April 15, Tuesday of Holy Week.
The children are out of school on holiday around here, and the shiny April spring rings out with their laughter. It's a delicate tinkling though, mostly, mingling with the sound of the river-stream, and the singing birds, and the distant calling of gulls. The daffodil season has turned over. Now is the time of bluebells.
There's a sort of quiet that settles on Holy Week, even when you're not looking for it. I would say that though unconscious, the knowledge of it lingers there, in the back of your mind, except it doesn't--it's not in the mind at all, but all around, somehow. More than anything, to me this year's Holy Week suggests rest.
I wrote a poem this evening, and Holy Week kind of runs behind it I think, like marble threaded in stone. Or maybe not. I'll let you decide.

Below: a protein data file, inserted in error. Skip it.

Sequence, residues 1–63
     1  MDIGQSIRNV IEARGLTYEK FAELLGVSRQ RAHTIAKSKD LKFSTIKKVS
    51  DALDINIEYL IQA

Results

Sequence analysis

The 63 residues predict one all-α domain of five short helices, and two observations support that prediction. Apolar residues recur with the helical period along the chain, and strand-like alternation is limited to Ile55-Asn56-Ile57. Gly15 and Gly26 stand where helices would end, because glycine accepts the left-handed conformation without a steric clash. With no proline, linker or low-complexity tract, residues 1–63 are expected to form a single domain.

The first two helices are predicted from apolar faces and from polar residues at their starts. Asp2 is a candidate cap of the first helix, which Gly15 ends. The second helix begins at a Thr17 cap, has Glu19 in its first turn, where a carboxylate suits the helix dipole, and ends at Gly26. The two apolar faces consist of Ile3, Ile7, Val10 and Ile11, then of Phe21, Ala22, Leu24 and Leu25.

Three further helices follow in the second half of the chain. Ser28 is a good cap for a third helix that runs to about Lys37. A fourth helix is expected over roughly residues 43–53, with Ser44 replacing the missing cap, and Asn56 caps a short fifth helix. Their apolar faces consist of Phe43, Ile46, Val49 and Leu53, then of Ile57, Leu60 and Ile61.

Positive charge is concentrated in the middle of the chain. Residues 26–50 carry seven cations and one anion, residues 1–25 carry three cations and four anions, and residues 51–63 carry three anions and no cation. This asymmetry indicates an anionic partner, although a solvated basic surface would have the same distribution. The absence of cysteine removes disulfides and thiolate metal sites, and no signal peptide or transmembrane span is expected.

A second draft:
I like to walk at evening when
today has cooled, ready to be swallowed
by tomorrow, all blue swells and valleys,
the flavor set in. I need the clumps in me
to settle as well, like silk-rich silt
into my limbs, by skipping soles
over mud and tendons
of root-wood by the river:
the mineral smell of new grass shoots and
luscious, moist mushrooms from the morning's
breakfast--when the waking daylight hours steeled themselves
like girls gathering their skirts to cross
a terrain of potentialities. Out of many that brush
their hems, a few will catch like burrs
on sheep's unshorn spring fleece.
copyright L.C. Ricardo. all rights reserved